Is AOL DOA?: Tough times for online services

By Richard Morochove

First published November 7, 1996

The number of computer users who are going online continues to grow rapidly. Paradoxically, that's bad news for the big online services.

Online access providers such as America Online (AOL), CompuServe, Microsoft Network and Prodigy are in trouble even as more computer users sign up to access their services. They're losing money and restructuring their operations.

How could an industry in the throws of such impressive growth be in such trouble?

AOL is the biggest of the services, with more than 7 million members worldwide, concentrated largely in North America. It's still growing rapidly. Company chairman and CEO Steve Case expects to add another 800,000 subscribers in the final quarter of this year.

Yet AOL will lose money, particularly after a U.S. $460 million charge to write off deferred marketing expenditures and restructure its operations. How many AOL trial diskettes have you received in the mail? The company was counting these diskettes as an asset, but the write-off acknowledges they're no longer as effective as they once were in acquiring new subscribers.

These aren't good times for AOL. The recently-recruited president of the company left in June. In August there was an embarrassing service outage that lasted nearly a day. The U.S. Federal Trade Commission inquired about the company's billing practices and awarded damages to a group of AOL subscribers who complained.

While AOL is the biggest, it isn't the only online service in trouble. CompuServe, number two in the industry with about 4 million members, was sold off by its parent company H&R Block and has reduced staffing levels.

With all their troubles, CompuServe and AOL are in relatively good shape compared to some other online services. Apple Computer shut down eWorld.

Genie, once the world's second largest online service, was a textbook example of mismanagement by GE Information Services. A pale shadow of its former self, Genie was recently sold to telecommunications provider IDT Corp. of New Jersey, which bought the service mainly for its online games.

Fourth-ranked Prodigy (one million subscribers) has abandoned its role as a provider of somewhat expensive proprietary content and slow gateway service for the Internet. Prodigy will offer direct, unlimited Internet access via a standard browser, plus its proprietary content, for $20 U.S. a month.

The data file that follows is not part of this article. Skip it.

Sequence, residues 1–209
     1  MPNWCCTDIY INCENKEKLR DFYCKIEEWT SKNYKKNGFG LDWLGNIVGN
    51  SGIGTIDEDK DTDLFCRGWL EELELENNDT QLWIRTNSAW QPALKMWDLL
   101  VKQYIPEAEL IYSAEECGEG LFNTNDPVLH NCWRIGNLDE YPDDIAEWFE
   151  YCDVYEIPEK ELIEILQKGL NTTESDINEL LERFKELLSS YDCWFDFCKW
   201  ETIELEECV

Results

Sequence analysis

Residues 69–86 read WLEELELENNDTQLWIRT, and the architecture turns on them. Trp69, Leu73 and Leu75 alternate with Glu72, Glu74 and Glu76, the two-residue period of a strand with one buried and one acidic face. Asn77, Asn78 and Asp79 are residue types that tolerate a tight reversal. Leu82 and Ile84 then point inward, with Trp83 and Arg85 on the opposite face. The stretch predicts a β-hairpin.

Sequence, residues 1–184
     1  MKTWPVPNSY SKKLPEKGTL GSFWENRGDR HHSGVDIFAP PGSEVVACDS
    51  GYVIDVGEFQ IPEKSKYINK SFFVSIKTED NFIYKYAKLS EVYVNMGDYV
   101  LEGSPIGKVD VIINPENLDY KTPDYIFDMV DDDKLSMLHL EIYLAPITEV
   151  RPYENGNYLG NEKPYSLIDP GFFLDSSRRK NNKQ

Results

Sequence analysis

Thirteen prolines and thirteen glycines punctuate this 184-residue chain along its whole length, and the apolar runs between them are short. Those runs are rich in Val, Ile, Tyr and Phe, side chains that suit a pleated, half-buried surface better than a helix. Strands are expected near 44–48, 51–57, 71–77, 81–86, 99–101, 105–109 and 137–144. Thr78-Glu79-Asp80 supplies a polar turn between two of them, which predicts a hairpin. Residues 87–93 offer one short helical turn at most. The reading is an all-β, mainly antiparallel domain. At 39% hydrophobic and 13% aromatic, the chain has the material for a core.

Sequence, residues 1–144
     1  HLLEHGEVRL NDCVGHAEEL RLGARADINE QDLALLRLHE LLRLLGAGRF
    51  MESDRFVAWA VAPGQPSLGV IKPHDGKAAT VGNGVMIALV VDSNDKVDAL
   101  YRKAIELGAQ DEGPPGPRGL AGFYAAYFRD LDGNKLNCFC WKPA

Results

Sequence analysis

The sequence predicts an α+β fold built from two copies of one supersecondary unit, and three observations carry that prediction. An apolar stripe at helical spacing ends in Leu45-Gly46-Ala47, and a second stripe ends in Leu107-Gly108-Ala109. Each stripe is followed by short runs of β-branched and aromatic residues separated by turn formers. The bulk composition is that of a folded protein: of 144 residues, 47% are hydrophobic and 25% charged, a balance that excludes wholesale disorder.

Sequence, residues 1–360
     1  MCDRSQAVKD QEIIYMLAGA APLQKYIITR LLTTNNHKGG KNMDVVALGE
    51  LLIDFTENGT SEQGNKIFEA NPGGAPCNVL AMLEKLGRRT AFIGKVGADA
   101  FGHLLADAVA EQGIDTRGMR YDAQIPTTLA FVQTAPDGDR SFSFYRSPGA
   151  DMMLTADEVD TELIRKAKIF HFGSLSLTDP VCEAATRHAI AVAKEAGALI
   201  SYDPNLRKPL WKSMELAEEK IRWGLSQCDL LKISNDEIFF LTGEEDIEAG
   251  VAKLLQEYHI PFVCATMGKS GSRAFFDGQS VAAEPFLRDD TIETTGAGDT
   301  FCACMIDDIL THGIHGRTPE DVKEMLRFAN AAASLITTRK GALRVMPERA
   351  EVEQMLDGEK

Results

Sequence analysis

Microsoft has reinvented its online service, Microsoft Network, third largest with over 1.5 million members. MSN will have new content, a new interface and a price of $20 U.S. a month for unlimited access. MSN will feature a "program viewer", based on a television-style motif, with six "channels" and more than 20 news and entertainment programs, which MSN will produce itself.

Microsoft's strategy of producing its own content for MSN is a questionable one. In the early days of online services, the provision of good content was inextricably linked to the service itself. After all, why would anyone pay to go online unless there was something to read, a game to play or a chat line to participate in?

But organizations set up to transmit online content may not be best-suited to deliver that content. No one expects Rogers CableSystems to prepare interesting, high-quality television programming. Yet television viewers are prepared to pay Rogers to deliver to their living rooms programs produced by others.

The AOLs of the world are under enormous pricing pressure from Internet Service Providers (ISPs) that connect you to the Internet, but stay away from creating original content. The once small, widely-scattered ISP industry is consolidating, which brings the efficiencies of large scale operations. Canadian ISPs such as IStar and HookUp Communications have grown to deliver national service, largely by taking over smaller regional service providers.

AOL is now restructuring into three parts, one to sell the online service, another for the development of original programming and a third to oversee the telecommunications network.

In response to less expensive ISP competition, AOL and CompuServe have cut their hourly rates. Then cut them again. But Internet users want reliable service and a predictable bill. The hourly rate is out and the monthly flat-rate is in.

More ISPs are offering unlimited Internet access for less than $30 per month. AOL's new rate plan, effective December 1, offers unlimited use of AOL and the Internet for U.S. $19.95 per month, with discounted rates as low as U.S. $14.95 monthly if you pay in advance for two years.

Yet I don't believe we've seen the end of price cutting nor the last extension of the flat-rate pricing. With the CRTC's authorization of competition between telephone and cable TV companies, it's only a matter of time before you'll be offered one-stop shopping for all your communications needs, a flat-rate plan for cable TV, local telephone service and Internet access.

In the future, we may receive AOL from AT&T. CW